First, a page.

THE First Minister has been told that up to 600 pubs, restaurants and hotels in Fife could close due to the impact of the pandemic.

Fife Licensing Forum has written to Nicola Sturgeon to outline the dire threat to hospitality businesses, with a warning that two-thirds may go to the wall.

And the owner of a popular restaurant in Dunfermline has told the Press they're losing the best part of £5,000 a month due to closure with another shutdown looming.

The forum said: "Estimates by independent bodies of the likely casualty rates amongst hospitality businesses have grown from one-third to over two-thirds as the pandemic has evolved.

"In Fife, this would equate to between 300 and 600 businesses not surviving out of just over 1,000 licensed businesses."

It added: "As matters stand, the sector is facing nothing short of an existential threat, such are the unprecedented challenges it is facing and every effort is needed to help ensure its survival."

Hospitality businesses have been hit badly by COVID-19 restrictions on opening hours and serving alcohol.

And it's even tougher as all non-essential shops, as well as pubs and restaurants, gyms, libraries and hairdressers, shut following the First Minister's announcement on Monday.

Michelle Coghill, who runs Jack 'O' Bryan's restaurant in Dunfermline with her family, said: "I'm not sure when we'll re-open.

"They're really penalising hospitality and yet there haven't been any cases from hospitality.

"In tier 3, they only allow you to open 11.30am to 6pm and not serve alcohol, I never understood that.

"If people want alcohol they'll go to the supermarkets, invite their friends round and drink in a place where there are no restrictions in place, no social-distancing and no safety measures to try and stop the spread of the virus.

"It makes no sense."

When Fife entered level 3 restrictions last month, Jack 'O' Bryan's was closed as the family felt it wasn't viable to stay open.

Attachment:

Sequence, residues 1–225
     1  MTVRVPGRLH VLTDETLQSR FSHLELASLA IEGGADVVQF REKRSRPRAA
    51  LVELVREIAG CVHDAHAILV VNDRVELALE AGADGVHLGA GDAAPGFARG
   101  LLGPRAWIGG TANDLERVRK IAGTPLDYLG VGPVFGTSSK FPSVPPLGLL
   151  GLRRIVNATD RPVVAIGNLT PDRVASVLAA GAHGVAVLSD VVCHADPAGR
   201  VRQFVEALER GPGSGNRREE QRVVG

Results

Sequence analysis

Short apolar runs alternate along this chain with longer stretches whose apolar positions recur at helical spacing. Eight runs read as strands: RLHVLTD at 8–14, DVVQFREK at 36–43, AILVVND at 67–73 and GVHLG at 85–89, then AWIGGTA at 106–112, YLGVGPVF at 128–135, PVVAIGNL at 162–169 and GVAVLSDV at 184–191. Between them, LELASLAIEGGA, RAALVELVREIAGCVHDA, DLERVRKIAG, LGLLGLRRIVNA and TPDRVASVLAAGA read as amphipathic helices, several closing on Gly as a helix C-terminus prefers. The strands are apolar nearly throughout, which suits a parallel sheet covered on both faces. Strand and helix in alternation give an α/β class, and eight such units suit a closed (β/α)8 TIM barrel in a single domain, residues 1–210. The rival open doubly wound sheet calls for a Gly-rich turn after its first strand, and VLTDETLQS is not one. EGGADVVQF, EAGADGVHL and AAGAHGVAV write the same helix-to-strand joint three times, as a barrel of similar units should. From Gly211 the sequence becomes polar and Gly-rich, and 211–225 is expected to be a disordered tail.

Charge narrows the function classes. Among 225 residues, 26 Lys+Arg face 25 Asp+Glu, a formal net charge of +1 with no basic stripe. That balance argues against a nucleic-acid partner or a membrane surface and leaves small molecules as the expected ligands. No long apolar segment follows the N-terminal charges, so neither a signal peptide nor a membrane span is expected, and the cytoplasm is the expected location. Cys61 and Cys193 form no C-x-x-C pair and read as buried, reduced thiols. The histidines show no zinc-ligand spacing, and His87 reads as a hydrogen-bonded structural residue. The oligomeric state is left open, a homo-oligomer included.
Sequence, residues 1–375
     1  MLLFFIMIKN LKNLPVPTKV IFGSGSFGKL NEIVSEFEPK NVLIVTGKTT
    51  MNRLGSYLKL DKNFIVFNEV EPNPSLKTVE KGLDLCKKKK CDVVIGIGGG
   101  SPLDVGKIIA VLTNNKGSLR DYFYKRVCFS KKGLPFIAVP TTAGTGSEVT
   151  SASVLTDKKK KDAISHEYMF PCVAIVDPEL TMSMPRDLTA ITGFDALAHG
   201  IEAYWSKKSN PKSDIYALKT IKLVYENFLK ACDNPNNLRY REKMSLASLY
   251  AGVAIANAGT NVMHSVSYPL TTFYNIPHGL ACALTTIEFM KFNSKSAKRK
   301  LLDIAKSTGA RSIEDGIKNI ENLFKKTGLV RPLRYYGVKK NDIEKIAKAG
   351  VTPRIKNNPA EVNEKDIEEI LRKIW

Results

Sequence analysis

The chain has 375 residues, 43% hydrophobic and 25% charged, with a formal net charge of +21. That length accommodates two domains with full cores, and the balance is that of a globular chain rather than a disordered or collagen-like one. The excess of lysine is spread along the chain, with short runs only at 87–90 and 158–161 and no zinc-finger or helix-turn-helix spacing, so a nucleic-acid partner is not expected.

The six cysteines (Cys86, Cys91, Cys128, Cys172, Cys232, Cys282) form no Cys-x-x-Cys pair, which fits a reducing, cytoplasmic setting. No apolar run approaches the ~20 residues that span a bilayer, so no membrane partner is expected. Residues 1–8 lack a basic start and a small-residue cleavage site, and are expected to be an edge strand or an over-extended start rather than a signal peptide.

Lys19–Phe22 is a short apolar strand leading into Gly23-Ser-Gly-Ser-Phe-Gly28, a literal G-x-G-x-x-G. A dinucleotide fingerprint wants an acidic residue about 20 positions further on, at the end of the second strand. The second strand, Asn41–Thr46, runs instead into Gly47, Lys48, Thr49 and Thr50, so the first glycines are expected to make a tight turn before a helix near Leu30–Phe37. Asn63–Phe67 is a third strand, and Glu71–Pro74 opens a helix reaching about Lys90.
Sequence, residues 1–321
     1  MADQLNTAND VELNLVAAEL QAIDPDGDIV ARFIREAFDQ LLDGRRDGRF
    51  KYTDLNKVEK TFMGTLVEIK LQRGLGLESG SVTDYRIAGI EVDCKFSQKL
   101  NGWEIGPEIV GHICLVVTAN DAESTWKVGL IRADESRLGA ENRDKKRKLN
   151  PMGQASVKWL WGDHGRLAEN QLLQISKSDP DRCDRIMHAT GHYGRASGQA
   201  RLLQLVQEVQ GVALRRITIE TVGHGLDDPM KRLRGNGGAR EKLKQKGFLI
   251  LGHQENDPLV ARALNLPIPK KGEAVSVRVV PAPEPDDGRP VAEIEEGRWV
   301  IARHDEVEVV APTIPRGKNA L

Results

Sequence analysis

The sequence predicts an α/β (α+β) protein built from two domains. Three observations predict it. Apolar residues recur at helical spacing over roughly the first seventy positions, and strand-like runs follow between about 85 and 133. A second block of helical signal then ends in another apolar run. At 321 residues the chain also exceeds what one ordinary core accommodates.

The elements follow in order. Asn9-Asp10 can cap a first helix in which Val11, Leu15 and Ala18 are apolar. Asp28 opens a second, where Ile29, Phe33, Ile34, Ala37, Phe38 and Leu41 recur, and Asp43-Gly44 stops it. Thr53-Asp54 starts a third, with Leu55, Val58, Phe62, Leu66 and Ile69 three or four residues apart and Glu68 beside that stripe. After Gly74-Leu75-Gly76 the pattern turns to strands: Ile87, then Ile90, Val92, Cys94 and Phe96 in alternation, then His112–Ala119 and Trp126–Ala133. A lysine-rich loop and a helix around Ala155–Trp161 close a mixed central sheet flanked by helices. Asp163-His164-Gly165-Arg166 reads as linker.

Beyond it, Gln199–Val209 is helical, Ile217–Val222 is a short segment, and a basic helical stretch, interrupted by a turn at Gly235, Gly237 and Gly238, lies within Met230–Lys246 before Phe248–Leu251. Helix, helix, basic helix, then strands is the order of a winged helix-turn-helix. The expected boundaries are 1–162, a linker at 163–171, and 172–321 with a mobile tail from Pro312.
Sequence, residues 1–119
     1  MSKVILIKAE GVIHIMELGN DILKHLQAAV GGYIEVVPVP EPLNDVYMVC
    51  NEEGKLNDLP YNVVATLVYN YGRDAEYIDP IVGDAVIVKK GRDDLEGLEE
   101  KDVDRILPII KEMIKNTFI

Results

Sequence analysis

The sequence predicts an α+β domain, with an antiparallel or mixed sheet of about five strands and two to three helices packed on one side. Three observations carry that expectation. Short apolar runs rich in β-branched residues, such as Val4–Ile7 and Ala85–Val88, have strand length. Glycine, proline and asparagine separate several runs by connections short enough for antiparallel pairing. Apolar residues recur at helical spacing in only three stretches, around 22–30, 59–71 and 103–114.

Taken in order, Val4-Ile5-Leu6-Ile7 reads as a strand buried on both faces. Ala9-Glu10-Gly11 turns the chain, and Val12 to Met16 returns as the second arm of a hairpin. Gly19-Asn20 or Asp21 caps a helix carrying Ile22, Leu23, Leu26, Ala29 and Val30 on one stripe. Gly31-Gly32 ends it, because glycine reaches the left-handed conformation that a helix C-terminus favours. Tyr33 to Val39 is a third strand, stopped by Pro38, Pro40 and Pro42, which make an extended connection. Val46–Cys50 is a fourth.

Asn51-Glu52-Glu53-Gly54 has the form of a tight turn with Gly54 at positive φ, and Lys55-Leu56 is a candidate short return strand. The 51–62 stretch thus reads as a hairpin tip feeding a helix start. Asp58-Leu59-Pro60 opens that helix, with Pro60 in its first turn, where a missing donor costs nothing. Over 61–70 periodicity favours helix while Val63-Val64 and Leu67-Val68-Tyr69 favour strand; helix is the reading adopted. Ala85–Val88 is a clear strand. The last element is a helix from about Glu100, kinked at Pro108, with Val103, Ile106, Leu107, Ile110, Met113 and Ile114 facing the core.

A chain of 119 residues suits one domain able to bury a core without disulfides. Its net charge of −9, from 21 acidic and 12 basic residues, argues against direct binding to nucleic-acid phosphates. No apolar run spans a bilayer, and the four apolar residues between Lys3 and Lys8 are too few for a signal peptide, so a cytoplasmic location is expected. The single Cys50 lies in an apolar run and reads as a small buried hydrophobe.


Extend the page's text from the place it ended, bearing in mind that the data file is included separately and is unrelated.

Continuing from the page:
She explained: "At this time, all the staff are furloughed. We're getting £1,400 a month aid from the government which covers the rent and that's it.

"We still have bills to pay, electric, gas, phone, water, visa terminals and they still expect us to pay national insurance and pension contributions for the staff to keep them employed.

"We were getting help with that before but not now.

"We have £6,000 on static bills, no income from the restaurant, we're getting £1,400 so we're losing over £4,500 a month.

"That's the problem and that's why people are shutting down. Now, they're locking us down for even longer."

She continued: "Everyone goes on about rates relief but we weren't paying it anyway. It's only massive places with a rateable value above £15,000 who benefit.

"The smaller pubs, restaurants and cafes with a rateable value below that never had to pay rates.

"We will open again but we'll have to catch up with the bills when we do.

"It's one big mess and I don't think anyone really understands what hospitality is going through."

As well as the pandemic, they've also had to deal with the premises being vandalised by thugs and damaged badly after torrential rain led to a flood.

Michelle said: "We closed on March 20 and with all the measures we had to take, it cost us £30,000 to re-open the restaurant again on July 22.

"We did the Eat Out to Help Out scheme and kept it going through September, October and November, even though the government only gave you money for August, just to get people back in the restaurant.

"We also had to close on August 10 when the lightning storm and torrential rain demolished the kitchen and flooded the place and didn't re-open until August 22.

"We shut on November 16 as we couldn't serve alcohol and couldn't stay open past 6pm, which meant last order was 4.30pm.

"We were losing £2,500 a week."